Teens are inherently anti-authoritarian. Of course, most are usually compliant until an issue arises that is important to them, but when they do rise up, Katy bar the door. Even the President of the United States will not impress them if he or she is on the wrong side of an issue that is important to teens. I hate the phrase “politically incorrect” because to many it means being openly racist and bigoted, so with that in mind, kids can be politically incorrect in a positive way. They haven’t been conditioned yet by the adult world to stifle their words and thoughts. Their honesty can be refreshing and sometimes painful. It’s like every thought in their brains comes out of their mouths. So, no the kids from Douglas High School don’t surprise me.
Nor does it surprise me that politicians are avoiding the high school students, because so many adults are intimidated and even afraid of teenagers. Most adults who were hired to substitute refused to go the high school. Even parents of teenagers would tell me that they couldn’t understand how I could face 150 teenagers every day. I remember vividly when the mayor spoke at an assembly at my high school, and I was seated behind the podium watching him speak. His body was visibly shaking from nervousness.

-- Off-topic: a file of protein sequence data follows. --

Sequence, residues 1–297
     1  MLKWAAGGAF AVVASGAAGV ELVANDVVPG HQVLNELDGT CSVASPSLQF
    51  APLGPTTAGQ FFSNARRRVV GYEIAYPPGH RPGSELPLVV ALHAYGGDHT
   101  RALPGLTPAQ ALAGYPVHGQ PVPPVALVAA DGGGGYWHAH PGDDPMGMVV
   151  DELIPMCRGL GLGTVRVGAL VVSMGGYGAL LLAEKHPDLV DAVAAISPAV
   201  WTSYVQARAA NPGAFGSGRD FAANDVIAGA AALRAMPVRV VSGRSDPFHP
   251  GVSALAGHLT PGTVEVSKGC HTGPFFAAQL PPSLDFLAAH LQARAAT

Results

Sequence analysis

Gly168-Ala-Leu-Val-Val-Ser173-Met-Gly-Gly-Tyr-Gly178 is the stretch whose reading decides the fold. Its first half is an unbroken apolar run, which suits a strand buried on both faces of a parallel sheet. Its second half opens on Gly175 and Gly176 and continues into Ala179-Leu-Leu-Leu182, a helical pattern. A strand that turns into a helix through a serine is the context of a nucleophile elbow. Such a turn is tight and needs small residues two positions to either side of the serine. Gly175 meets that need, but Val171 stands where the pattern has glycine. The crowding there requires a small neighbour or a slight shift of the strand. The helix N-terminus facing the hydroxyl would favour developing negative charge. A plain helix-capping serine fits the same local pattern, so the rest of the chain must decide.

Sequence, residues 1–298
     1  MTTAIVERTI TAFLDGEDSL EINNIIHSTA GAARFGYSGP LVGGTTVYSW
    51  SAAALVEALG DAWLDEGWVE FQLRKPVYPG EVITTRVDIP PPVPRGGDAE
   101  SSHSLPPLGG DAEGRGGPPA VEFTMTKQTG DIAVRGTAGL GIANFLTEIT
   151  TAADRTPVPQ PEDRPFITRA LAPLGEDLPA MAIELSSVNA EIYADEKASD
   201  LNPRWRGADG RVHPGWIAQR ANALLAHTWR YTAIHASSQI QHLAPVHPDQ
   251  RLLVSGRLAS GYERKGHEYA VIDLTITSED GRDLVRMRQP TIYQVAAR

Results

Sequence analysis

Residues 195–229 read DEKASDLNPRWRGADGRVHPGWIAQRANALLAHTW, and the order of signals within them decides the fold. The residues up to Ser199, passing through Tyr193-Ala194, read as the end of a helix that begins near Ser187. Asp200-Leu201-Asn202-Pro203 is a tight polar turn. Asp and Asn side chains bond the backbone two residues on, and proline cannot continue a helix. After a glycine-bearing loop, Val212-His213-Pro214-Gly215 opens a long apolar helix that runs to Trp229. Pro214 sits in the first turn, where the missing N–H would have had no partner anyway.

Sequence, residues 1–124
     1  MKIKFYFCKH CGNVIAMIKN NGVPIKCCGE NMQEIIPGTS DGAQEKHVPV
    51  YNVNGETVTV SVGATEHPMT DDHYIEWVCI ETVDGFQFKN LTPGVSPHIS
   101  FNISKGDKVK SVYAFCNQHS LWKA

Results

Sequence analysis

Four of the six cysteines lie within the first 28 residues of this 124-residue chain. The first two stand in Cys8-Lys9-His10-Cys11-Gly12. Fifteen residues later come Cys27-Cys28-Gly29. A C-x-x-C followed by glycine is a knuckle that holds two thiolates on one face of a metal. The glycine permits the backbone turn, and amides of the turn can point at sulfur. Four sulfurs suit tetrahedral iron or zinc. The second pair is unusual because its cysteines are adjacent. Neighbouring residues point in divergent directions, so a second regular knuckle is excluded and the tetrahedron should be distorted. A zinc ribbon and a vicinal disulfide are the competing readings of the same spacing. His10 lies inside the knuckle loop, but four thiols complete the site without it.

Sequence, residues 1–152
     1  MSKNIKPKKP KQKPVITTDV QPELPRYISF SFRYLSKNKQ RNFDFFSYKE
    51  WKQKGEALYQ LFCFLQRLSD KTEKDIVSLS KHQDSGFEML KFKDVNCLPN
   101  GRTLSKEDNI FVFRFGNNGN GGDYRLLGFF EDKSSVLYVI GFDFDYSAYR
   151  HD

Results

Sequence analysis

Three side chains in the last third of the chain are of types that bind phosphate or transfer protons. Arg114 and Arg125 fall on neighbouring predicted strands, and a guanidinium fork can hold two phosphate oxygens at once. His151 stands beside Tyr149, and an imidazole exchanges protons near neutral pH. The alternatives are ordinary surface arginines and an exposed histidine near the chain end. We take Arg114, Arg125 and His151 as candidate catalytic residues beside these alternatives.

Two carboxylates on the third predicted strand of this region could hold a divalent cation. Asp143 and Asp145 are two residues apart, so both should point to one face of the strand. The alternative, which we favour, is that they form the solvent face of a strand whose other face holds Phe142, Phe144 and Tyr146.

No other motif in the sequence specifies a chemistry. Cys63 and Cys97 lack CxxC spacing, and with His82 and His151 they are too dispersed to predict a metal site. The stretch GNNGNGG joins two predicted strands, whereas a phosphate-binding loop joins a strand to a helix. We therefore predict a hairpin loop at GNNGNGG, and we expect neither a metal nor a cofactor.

Teenagers are also tech savvy and can cruise around the internet with ease. Because of that skill, they know what the issues are, and believe me, they have opinions about those issues. As we have seen, teenagers are also very adept at using social media. Teenagers today are so much more sophisticated that we were in my day but no less passionate.
I am also impressed but not surprised by their well-reasoned arguments against teachers being armed. Their arguments are my arguments, and I’m sure they convey the same opinions of most teachers across the nation. The teens I’ve heard also express my same dismay about Trump’s convoluted rationale concerning arming teachers. I would have walked away from the profession and kids I loved if teachers carried guns into their classrooms.
During my 30 years as an educator, I taught with a number of unstable teachers. In one district where I taught, we had to take a psychological test and submit to a background check, and, yet, we had a child molester, a convicted felon who stabbed her husband, and another teacher who was found wandering and babbling incoherently in the student parking lot—all at the high school in the same year. Can you imagine any of them being armed? A few years ago an elementary school teacher in Utah accidentally discharged her weapon, shooting herself in the leg. The bullet could have easily ricocheted and hit a student in the school’s bathroom. Someone tweeted this week that we’ve all seen a teacher “lose it” over a small incident and rage at a student or even an entire classroom. Now, imagine that teacher being armed.